Question 5 : What is the difference between the session.get() method and the session.load() method?

Answer 5 : Both the session.get(..) and session.load() methods create a persistent object by loading the required object from the database. But if there was not such object in the database then the method session.load(..) throws an exception whereas session.get(&) returns null.

Question 6 : Whats the easiest way to configure Hibernate in a plain Java application (without using JNDI)?

Answer 6 : Build a SessionFactory from a Configuration object. See the tutorials in the reference documentation.

Question 7 :  What are the benefits of detached objects?

Answer 7 : Detached objects can be passed across layers all the way up to the presentation layer without having to use any DTOs (Data Transfer Objects). You can later on re-attach the detached objects to another session.

Question 8 : How can I query for entities with empty collections?

Answer 8 : from Box boxwhere box.balls is empty Or, try this: select boxfrom Box box   left join box.balls ballwhere ball is null

Question 9 : Does Hibernate implement its functionality using a minimal number of database queries?

Answer 9 : Hibernate can make certain optimizations all the time: Caching objects. The session is a transaction-level cache of persistent objects. You may also enable a JVM-level/cluster cache to memory and/or local disk. Executing SQL statements later, when needed. The session never issues an INSERT or UPDATE until it is actually needed. So if an exception occurs and you need to abort the transaction, some statements will never actually be issued. Furthermore, this keeps lock times in the database as short as possible (from the late UPDATE to the transaction end). Never updating unmodified objects. It is very common in hand-coded JDBC to see the persistent state of an object updated, just in case it changed.....for example, the user pressed the save button but may not have edited any fields. Hibernate always knows if an object's state actually changed, as long as you are inside the same (possibly very long) unit of work. Efficient Collection Handling. Likewise, Hibernate only ever inserts/updates/deletes collection rows that actually changed. Rolling two updates into one. As a corollary to (1) and (3), Hibernate can roll two seemingly unrelated updates of the same object into one UPDATE statement. Updating only the modified columns. Hibernate knows exactly which columns need updating and, if you choose, will update only those columns. Outer join fetching. Hibernate implements a very efficient outer-join fetching algorithm! In addition, you can use subselect and batch pre-fetch optimizations. Lazy collection initialization. Lazy object initialization. Hibernate can use runtime-generated proxies (CGLIB) or interception injected through bytecode instrumentation at build-time. A few more (optional) features of Hibernate that your handcoded JDBC may or may not currently benefit from second-level caching of arbitrary query results, from HQL, Criteria, and even native SQL queries efficient PreparedStatement caching (Hibernate always uses PreparedStatement for calls to the database) JDBC 2 style batch updates Pluggable connection pooling Hopefully you will agree that Hibernate approaches the parsimony of the best hand-coded JDBC object persistence. As a subscript I would add that I have rarely seen JDBC code that approaches the efficiency of the "best possible" code. By co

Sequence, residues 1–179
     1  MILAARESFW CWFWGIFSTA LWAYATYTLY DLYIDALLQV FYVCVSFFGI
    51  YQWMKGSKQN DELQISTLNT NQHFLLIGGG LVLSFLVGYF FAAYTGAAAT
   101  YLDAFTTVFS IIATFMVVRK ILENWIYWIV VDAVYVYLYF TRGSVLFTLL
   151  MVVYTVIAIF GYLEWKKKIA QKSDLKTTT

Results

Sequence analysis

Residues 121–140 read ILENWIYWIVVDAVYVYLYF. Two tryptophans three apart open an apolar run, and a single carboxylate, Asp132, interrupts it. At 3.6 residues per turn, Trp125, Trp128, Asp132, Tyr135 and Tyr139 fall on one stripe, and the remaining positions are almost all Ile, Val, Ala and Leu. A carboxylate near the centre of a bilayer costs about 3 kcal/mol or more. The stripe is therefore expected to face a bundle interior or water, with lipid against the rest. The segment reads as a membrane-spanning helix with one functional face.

Question 10 : What is hybernate in Java?

Answer 10 : Hibernate is an 'Object-Relational Mapping' library. Basically it allows you to define objects in Java that map to tables or views (or other structures) of a relational database. In Java you work with the objects defined, and they provide the service of interacting with the database - CRUD (create/read/update/delete).   Hibernate is an Object Relational mapping tool. One of the things it does is convert data from relational tables to objects. I think what you are implying is why just Java objects, why not objects in other languages. For .Net, I believe there is another framework: nhibernate. However, I have not used nHibernate   This is an example of how to handle a major 'impedance mismatch' between two separate worlds. The traditional RDBMS technology precedes Java, and is independent of it. It is oriented toward a storage approach that is not object oriented, although BLOBs and similary binary type content CAN be stored in most mainstream databases now. The Hibernate project does translation between the two worlds.